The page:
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In historic value this volume is equal to, if it does not surpass, any one of the series which has preceded it. It comprises the eight years of our history from March 4, 1841, to March 4, 1849, and includes the four years' term of Harrison and Tyler and also the term of James K. Polk. During the first half of this period the death of President Harrison occurred, when for the first time under the Constitution the Vice-President succeeded to the office of President. As a matter of public interest, several papers relating to the death of President Harrison are inserted. A number of highly interesting vetoes of President Tyler appear, among which are two vetoing bills chartering a United States bank and two vetoing tariff measures. During President Tyler's Administration the protective tariff act of 1842 was passed; the subtreasury law was repealed; the treaty with Great Britain of August 9, 1842, was negotiated, settling the northeastern-boundary controversy, and providing for the final suppression of the African slave trade and for the surrender of fugitive criminals; and acts establishing a uniform system of bankruptcy and providing for the distribution of the sales of the public lands were passed. The treaty of annexation between the United States and the Republic of Texas was negotiated, but was rejected by the Senate.
During the Administration of President Polk Texas was finally annexed to the United States; Texas, Iowa, and Wisconsin were admitted into the Union; the Oregon boundary was settled; the independenttreasury system was reenacted; the Naval Academy was established; acts were passed establishing the Smithsonian Institution and creating the Department of the Interior; the war with Mexico was successfully fought, and the territory known as New Mexico and Upper California was acquired. The acquisition of territory by Mr. Polk's Administration added to the United States California and New Mexico and portions of Colorado, Utah, and Nevada, a territory containing in all 1,193,061 square miles, or over 763,000,000 acres, and constituting a country more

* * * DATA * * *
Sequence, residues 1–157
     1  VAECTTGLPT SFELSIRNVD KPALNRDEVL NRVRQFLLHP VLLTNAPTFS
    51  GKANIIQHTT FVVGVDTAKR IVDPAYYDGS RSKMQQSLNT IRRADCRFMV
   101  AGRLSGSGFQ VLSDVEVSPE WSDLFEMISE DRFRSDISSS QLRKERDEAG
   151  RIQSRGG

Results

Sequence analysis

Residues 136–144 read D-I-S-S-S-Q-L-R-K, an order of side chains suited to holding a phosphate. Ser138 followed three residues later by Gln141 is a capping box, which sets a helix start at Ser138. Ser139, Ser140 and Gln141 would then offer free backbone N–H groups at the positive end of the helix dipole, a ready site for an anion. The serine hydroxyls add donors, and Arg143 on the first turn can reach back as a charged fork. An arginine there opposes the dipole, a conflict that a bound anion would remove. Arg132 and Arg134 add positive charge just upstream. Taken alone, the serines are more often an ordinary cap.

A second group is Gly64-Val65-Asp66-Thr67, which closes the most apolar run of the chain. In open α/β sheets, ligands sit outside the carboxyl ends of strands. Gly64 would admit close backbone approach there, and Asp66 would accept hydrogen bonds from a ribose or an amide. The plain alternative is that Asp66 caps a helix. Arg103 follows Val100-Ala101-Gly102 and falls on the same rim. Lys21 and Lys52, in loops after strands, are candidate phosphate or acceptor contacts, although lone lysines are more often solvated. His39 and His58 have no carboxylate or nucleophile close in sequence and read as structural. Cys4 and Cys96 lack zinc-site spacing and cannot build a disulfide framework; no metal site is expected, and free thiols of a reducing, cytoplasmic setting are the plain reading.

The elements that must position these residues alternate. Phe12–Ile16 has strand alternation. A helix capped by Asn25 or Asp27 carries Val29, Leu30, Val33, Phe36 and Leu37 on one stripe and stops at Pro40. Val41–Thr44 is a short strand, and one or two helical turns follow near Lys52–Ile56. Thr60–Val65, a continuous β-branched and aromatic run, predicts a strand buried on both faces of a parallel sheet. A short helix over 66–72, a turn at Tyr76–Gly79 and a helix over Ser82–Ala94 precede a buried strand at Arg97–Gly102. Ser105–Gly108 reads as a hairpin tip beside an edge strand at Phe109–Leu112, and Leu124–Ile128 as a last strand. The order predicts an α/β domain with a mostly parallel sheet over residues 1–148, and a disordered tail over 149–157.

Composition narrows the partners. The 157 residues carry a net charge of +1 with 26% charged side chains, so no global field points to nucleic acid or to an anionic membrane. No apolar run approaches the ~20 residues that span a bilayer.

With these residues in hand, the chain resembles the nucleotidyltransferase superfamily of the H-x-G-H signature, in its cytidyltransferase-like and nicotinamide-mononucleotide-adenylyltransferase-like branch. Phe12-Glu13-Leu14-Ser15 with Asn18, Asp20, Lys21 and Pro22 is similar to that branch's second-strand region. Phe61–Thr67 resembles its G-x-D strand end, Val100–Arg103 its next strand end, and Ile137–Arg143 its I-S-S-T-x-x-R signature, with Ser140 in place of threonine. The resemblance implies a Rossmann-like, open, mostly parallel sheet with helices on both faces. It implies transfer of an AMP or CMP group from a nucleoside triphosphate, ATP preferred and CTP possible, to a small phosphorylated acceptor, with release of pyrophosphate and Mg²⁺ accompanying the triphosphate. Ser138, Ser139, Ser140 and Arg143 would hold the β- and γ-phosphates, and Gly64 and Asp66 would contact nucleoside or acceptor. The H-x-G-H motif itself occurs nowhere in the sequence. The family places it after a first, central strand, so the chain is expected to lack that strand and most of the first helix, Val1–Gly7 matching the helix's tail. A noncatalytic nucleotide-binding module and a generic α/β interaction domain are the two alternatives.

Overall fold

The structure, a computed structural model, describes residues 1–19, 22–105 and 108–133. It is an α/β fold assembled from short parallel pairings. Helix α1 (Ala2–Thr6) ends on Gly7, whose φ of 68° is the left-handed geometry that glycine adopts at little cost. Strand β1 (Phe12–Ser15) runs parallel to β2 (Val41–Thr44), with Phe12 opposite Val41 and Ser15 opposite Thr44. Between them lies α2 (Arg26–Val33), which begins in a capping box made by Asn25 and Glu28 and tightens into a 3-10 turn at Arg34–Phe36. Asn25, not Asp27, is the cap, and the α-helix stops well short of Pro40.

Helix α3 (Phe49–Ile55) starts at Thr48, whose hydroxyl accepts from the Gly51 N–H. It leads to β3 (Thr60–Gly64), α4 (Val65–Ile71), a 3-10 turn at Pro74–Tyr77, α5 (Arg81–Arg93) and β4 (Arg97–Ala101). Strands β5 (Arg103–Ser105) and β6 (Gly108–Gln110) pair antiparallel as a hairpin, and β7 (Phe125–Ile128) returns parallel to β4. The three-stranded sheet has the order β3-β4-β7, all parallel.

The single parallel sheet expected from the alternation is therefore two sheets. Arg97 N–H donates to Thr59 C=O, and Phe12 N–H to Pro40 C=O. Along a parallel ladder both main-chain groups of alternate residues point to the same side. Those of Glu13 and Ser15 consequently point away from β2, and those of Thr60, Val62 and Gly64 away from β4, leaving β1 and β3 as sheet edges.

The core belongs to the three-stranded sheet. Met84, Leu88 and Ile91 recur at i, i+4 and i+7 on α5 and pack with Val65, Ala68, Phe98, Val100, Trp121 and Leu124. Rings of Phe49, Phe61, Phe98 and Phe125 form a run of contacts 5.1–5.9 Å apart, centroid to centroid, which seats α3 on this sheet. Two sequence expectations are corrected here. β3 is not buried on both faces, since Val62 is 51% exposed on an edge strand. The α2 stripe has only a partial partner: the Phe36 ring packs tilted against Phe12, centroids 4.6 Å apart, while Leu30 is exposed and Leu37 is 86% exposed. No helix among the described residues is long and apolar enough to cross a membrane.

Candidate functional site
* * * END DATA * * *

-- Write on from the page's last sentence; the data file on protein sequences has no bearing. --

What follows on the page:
than half as large as all that held by the Republic before he became President. This addition to our domain was the next largest in area ever made. It was exceeded only by the purchase by President Jefferson of the Louisiana Territory, in which was laid so deep the foundation of the country's growth and grandeur. If our country had not already attained that rank by the acquisition of the Louisiana Territory, the further additions made by Mr. Polk's Administration advanced it at once to a continental power of assured strength and boundless promise. JAMES D. RICHARDSON.
APRIL 27, 1897.
The pages of "The Messages and Papers of the Presidents" have been renumbered from page one to the end, and the division into volumes has been altered. This plan is required by the addition of new matter and the desirability of keeping the volumes as nearly uniform in size as possible.
October 1, 1909.